Tuesday, February 01, 2011
Why the surprise?
Richard Norton-Taylor - who is a somewhat pompous bore but nevertheless reasonably competent, for a Guardian journalist (which isn't saying very much) - is ruminating on why revolutions such as Tunisia's (and the situation in Egypt) come as such a surprise.
The answer he comes up with is nothing particularly new or surprising, but it is neatly put. Diplomats and intelligence agencies, the strap to his piece reads, often tell ministers what they want to hear – and overvalue secret sources of information
Secret intelligence services, naturally enough, writes Norton-Taylor, want to emphasise secret intelligence – a product which only they, in their special and privileged role, can offer. As a result, they have seriously underestimated what can be gleaned from "open sources".
This came out in the Franks report into the Argentinean invasion of the Falklands in 1982. More accurate and timely information could be gleaned about the Junta's intentions from local newspapers than from British secret agents in Latin America, it said.
Norton-Taylor reminds us that Britain's diplomats and spooks, in common with all western intelligence agencies, also spectacularly failed to foresee the fall of the Berlin wall. Thus, he says, they must in future pay much more attention to "open sources", what they can hear on the Arab street, and what they can read, notably on the internet.
That last comment has a particular resonance and applied in spades when I was researching for Ministry of Defeat. Iraqi insurgents were especially internet savvy so that, while MSM defence correspondents were so often relying on MoD briefings, I was able to tap into their daily reports of activities.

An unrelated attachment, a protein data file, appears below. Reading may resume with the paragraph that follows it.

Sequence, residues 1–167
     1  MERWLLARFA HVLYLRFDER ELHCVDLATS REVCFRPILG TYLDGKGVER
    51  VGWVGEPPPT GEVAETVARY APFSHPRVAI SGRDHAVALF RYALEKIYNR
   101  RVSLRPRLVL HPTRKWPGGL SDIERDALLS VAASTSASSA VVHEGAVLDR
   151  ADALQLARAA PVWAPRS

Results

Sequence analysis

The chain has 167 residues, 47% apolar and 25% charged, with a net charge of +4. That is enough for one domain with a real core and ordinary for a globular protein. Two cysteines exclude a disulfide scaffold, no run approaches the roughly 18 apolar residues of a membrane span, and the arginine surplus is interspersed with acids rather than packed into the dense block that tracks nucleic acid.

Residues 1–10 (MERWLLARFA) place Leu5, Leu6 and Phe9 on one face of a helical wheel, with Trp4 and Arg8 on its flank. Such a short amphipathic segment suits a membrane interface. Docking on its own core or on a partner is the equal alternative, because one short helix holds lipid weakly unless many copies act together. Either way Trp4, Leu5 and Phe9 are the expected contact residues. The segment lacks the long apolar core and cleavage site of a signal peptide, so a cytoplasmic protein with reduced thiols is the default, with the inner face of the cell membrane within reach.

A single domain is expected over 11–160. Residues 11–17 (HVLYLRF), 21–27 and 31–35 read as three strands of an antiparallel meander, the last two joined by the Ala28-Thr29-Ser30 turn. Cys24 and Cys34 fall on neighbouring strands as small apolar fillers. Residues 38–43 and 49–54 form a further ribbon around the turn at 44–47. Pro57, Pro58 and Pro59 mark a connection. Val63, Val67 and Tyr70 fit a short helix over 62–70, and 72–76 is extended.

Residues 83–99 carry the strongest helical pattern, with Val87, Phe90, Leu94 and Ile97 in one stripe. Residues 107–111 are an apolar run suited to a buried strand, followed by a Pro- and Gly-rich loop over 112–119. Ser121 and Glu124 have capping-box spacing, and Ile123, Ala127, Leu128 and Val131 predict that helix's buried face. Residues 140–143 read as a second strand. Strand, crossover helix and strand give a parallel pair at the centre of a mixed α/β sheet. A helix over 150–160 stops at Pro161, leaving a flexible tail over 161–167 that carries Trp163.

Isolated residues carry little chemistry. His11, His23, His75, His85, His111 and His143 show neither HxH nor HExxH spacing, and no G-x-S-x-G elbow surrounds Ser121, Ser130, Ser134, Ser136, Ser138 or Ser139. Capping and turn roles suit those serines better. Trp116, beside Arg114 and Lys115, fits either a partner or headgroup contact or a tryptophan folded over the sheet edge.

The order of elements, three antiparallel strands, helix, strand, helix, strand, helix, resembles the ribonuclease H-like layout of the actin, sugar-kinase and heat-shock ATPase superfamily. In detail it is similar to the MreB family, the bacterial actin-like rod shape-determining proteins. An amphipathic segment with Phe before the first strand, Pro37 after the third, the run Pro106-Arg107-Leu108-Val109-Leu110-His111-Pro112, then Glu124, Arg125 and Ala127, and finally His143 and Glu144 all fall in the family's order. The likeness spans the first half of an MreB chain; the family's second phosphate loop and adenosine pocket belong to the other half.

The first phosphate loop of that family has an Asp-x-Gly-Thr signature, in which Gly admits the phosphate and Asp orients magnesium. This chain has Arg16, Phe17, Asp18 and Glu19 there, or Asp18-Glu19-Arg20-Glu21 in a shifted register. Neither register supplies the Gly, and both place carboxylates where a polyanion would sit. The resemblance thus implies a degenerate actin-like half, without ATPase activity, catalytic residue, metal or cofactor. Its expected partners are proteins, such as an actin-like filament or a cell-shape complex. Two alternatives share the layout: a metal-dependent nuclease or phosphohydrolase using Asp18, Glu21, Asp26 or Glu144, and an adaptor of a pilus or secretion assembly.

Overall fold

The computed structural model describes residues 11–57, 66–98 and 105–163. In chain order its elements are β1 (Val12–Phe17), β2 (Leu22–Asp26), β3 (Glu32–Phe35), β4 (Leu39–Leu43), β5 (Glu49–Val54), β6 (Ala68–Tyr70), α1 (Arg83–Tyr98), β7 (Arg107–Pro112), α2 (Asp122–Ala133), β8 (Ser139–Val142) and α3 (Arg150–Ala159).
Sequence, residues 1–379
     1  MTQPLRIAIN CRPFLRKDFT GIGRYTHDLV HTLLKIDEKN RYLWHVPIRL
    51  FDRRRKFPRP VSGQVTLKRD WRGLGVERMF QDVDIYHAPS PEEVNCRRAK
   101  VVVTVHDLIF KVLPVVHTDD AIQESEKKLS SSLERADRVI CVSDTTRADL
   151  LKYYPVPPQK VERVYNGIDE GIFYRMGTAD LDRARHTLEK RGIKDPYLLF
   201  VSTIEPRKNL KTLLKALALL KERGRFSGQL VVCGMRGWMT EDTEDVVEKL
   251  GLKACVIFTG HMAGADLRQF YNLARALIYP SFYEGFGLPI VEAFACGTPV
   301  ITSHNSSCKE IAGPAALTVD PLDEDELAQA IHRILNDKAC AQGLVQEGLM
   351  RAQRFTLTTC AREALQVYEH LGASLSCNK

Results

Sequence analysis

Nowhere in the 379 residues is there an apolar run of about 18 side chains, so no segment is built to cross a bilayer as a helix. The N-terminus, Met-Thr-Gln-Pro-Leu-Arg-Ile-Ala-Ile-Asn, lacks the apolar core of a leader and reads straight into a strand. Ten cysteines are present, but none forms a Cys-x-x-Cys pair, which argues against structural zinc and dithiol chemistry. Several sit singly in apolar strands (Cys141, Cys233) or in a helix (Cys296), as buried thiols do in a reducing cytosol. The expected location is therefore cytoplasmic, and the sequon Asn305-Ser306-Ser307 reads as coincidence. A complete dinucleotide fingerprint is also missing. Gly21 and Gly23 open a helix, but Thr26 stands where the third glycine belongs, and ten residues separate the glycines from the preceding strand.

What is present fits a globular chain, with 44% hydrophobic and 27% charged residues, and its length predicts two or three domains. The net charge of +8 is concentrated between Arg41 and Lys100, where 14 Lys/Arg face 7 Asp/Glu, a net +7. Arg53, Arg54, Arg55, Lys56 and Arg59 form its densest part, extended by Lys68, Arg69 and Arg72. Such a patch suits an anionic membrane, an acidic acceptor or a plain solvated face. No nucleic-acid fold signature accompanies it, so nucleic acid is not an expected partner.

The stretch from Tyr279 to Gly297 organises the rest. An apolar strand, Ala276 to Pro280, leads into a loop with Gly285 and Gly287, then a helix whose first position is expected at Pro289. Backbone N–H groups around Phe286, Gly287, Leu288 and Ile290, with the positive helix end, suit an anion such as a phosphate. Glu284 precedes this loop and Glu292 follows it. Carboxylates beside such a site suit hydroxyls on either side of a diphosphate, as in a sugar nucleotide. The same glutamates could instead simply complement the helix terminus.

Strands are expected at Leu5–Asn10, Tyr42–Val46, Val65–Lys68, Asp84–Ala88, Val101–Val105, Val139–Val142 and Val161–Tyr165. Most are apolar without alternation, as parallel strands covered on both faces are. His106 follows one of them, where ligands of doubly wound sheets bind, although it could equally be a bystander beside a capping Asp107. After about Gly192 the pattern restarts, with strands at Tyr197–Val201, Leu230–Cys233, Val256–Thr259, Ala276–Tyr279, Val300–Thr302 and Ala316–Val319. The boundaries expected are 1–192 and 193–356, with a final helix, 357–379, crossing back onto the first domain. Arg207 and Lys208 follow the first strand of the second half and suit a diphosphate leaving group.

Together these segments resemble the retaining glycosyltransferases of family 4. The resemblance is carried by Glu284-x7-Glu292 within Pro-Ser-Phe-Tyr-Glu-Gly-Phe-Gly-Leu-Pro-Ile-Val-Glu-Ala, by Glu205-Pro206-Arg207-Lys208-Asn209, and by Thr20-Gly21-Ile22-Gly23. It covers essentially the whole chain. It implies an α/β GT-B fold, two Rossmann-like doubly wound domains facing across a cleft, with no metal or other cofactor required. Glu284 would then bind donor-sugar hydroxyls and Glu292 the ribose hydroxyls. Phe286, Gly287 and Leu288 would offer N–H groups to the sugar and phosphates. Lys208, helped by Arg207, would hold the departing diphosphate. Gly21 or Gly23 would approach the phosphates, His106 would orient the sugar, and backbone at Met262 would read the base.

These, and other internet sources – including Middle East media reports - often proved surprisingly consistent and accurate, far more so than British media and the MoD. As a result, I ended up better informed, in some respects, than the people who were actually in the country (but miles away from the action).
But this does not only apply to exotic situations. Anyone who relies merely – or even mainly – on the MSM for their "take" on what is happening in this country, or for their general news of events, would end up very seriously ill-informed. Yet it remains the case that the political "set" in this country rely for their information on such conventional sources, and are still unduly influenced by the MSM.
However, we cannot leave it there, without also referring to what could be called mindset myopia. Our "élites" very often do not realise what is happening because they already think they know, and therefore do not avail themselves of credible information sources, because they believe they know better. They don't look for information because they don't see the need for it. And that is what really catches them out.
Either way, when our revolution eventually arrives – in whatever form it finally takes – our politicians and other agencies will also be caught by surprise. If they had the ability to see it coming, they would also have the ability to head it off.
Almost by definition, therefore, revolutions must always come as a surprise to those at whom they are aimed. The happen because those people are so out of touch that they are capable of being surprised.